This Week's Wow: The Fashion Industry Shows Off a Few Shoes Women Will Actually Love to Walk In
Pictured, from left to right: Shoes seen at the Chanel, Dior, and Iris van Herpen runways.
In this weekly feature, InStyle’s Fashion News Director Eric Wilson shares his favorite fashion moment of the week, and explains how it could shape styles to come. Look for it on What’s Right Now every Friday.
The Moment: Shoes! There’s rarely a fashion week when we’re not wowed by the fancy footwear as much as by the clothes, but the Paris collections this week offered a rare glimpse of a major change in shoes. From the editors in the front rows to the models on the fall runways, the direction is overwhelmingly toward flats, which will probably be welcome news to orthopedists and podiatrists, not to mention anyone who’s braved the recent weather in stilettos.
The trend started at the couture shows in January, when designers like Karl Lagerfeld of Chanel and Marco Zanini from Schiaparelli showed a variety of sequined and lace-embroidered sneakers and feather-trimmed sandals, respectively. And it continued into the ready-to-wear collections this week, most delightfully at Chanel, where Lagerfeld’s candy-colored trainers and sneaker-boots were the perfect fit for a supermarket sweep through his oversize grocery store set design. Also invitingly casual were the nurse-like white slip-on shoes at Moncler Gamme Rouge and the shiny booties at Miu Miu with built-in gaiters (pictured, below right). Stella McCartney achieved the height of a pump with a cushy-looking platform on her adorable cognac-colored lace-ups with inset stars (pictured, below left), and at Dior, Raf Simons offered an inventive take on the pump, with colorful treads seemingly built into the heels. (Remember the Easy Spirit motto, “Looks like a pump, feels like a sneaker”?) The glammed-up, lug-soled hiking boots at Alexander McQueen were also particularly well suited for tromping through a runway of heath, or for whatever snow is in store next winter.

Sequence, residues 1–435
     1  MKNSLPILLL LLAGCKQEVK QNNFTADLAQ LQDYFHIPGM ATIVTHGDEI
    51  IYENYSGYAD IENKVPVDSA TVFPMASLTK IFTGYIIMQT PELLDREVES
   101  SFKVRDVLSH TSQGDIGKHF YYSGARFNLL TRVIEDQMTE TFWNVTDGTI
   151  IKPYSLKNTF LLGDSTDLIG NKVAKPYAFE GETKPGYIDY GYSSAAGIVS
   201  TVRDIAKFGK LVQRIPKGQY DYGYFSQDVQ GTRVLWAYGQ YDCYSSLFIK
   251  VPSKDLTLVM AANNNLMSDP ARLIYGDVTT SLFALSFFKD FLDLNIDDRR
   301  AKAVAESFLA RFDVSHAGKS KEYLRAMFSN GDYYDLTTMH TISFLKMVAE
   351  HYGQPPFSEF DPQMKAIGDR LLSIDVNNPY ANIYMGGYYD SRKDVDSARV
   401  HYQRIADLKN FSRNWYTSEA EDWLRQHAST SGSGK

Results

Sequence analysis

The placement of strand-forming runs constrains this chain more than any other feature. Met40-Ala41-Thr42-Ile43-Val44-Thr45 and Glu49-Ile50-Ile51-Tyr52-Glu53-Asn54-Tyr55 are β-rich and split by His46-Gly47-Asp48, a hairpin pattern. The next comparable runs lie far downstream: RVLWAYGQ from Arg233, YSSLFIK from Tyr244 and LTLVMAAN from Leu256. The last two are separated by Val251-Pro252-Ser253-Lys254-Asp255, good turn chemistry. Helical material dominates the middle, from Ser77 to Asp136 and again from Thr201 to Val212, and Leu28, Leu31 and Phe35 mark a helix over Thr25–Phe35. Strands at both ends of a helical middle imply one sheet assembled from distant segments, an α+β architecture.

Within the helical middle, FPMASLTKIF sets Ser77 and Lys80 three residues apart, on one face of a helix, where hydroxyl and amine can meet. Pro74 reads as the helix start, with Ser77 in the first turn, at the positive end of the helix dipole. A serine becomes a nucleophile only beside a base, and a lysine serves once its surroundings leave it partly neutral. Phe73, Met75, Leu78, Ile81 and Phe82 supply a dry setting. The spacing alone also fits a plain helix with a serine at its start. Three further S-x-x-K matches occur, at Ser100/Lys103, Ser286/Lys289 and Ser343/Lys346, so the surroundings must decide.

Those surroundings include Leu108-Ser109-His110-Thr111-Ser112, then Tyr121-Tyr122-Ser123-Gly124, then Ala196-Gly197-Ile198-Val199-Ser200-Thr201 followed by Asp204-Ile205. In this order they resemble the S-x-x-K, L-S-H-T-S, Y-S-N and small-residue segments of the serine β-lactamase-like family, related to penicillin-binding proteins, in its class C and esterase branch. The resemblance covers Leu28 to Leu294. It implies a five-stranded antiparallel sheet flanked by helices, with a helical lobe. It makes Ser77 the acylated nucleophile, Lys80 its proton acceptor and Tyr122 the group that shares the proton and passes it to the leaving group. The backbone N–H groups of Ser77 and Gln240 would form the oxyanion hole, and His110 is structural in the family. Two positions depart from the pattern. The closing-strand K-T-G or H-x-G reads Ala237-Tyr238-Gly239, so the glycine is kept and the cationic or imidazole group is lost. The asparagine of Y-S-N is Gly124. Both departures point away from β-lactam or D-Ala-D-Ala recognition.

Why It’s a Wow: After a decade of escalating shoe wars, designers have finally come to their senses. It was only a few years ago that they introduced the concept of “killer heels,” inventing ever more precarious styles of footwear with teetering platforms or tricky heel-less heels (you had to really be on your toes to wear those). That trend was thought to have reached its apex (or nadir, depending on your perspective) with Alexander McQueen’s famously lofty shoes that resembled armadillos or lobster claws.
This is not to say that everyone is yet on board with the flat. Perhaps the most memorable shoe of the Paris season came from the avant-garde Dutch designer Iris van Herpen. She designed some super-wacky seven-inch platforms with built-in shin guards that looked as sturdy as a locomotive. One way to look at them is that they might protect you from a fall. On the other hand, they might also cause you to fall, so perhaps best leave those to the professionals.